Trumpets in the Sky
Through scattered clouds, pink and thin,
silver jets spark yearnings for adventure.
Powerlines scratch black strokes on cobalt.
The full glide of a Cooper’s Hawk
casts gray shadows
before talons hook wire.
A bluff-side turns orange with twilight.
Lovers’ hands silhouette in promise,
as the last remaining sunrays mute.
Distant aircraft reflect the blaze
of further western time zones.
Late for home, sparrows bullet toward shelter.
Incandescent fragments open across the valley.
Neon signs glow on street travelers
Outlines of passion grow opaque
against evening firmament.
Diamond stars dress
the blue-black curtain
Headlights followed me
like a jet squadron in formation,
four lanes, eight lights
blurring from my exhaustion,
eyes reverting from rearview
to red glowing dots ahead,
when darkness came down
like a curtain drawn.
No lampposts, no cars,
like Sister Margaret Mary’s story
about the world’s end.
I became weightless,
a sprite in ocean air.
My vehicle no longer carried me.
I became awash in crashing waves.
The sea was black with white caps.
Was it moonlight or a patrolman’s flashlight?
I might have been floating.
I might have been flying.
You found me in a hospital
“after days,” you said.
I might have been in outer space
attempting inventory of countless stars
or maybe, they were specks of sand
at the bottom of the briny deep.
You didn’t have a clue where I had gone,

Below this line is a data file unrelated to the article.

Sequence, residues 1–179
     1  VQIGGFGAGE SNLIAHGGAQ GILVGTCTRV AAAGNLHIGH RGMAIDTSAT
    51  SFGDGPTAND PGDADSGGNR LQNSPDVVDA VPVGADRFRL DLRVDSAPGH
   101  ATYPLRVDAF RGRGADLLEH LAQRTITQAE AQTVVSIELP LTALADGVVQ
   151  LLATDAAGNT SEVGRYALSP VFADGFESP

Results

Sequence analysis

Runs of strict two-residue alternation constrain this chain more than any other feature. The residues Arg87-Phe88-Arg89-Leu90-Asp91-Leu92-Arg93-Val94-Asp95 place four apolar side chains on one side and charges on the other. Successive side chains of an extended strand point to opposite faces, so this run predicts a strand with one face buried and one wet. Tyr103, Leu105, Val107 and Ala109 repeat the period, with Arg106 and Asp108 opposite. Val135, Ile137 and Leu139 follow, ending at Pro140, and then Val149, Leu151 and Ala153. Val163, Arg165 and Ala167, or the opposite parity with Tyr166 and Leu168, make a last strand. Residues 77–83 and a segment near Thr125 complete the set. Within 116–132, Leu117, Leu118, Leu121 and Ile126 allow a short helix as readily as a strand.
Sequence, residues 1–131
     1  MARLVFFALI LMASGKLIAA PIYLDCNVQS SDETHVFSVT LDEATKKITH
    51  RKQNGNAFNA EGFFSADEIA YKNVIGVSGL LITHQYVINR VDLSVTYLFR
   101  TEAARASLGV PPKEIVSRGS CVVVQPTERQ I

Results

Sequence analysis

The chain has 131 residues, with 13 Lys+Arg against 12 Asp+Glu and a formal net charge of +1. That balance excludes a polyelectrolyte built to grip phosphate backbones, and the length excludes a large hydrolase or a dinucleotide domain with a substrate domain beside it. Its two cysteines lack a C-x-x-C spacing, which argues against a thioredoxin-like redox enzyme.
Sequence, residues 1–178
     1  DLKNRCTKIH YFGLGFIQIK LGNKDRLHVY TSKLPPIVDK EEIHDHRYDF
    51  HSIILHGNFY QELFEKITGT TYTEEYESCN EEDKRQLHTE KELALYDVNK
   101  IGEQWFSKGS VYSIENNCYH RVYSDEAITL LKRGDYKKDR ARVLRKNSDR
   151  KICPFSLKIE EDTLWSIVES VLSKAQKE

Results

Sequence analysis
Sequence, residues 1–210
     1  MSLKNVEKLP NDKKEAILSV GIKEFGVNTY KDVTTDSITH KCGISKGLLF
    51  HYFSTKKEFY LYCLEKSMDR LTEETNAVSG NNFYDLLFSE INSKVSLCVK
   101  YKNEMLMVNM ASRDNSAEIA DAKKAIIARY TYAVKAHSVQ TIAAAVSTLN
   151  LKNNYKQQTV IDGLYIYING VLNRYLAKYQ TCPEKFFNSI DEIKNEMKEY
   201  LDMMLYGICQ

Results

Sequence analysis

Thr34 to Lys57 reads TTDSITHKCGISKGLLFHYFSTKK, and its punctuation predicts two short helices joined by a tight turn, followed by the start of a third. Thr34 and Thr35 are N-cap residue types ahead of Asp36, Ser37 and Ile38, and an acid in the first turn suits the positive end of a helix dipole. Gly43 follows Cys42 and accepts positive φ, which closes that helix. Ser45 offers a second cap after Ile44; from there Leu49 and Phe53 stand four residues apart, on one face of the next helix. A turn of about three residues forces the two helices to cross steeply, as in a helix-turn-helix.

but fed the dog and tended to the roses
You could be holding my hand right now.
Or I might be attached to a comet
hurtling through the galaxy,
long before the earth held water
or human touch came to be.
We don’t talk much.
Japhy doesn’t leave my side
except to be with my wife.
When she is in the bedroom
and I am in the den, he stretches
like a rug across the hallway.
A secret service agent watching
its charges, eyeing our every move.
Japhy, named for a Jack Kerouac
character, will someday be gone.
Waking me at 3:00 in the morning,
forgetting that he needs to pee, that
old man of a canine stands in the kitchen,
stares at the floor tile, his mind apparently lost.
I hold the door open, sniff for skunk.
Like an old jalopy, he restarts,
moving slowly over the threshold.
Coyotes jump fences when it is worthwhile.
Now I have become Japhy’s guard.
When he returns, I offer the puppy treat he expects.
Once a ploy to suggest using the backyard as his potty,
15 years later, it has become our old couple’s ritual.
Named for a Jack Kerouac character,
Japhy the dog will someday be gone.
Photo credit: Ajay Jhaveri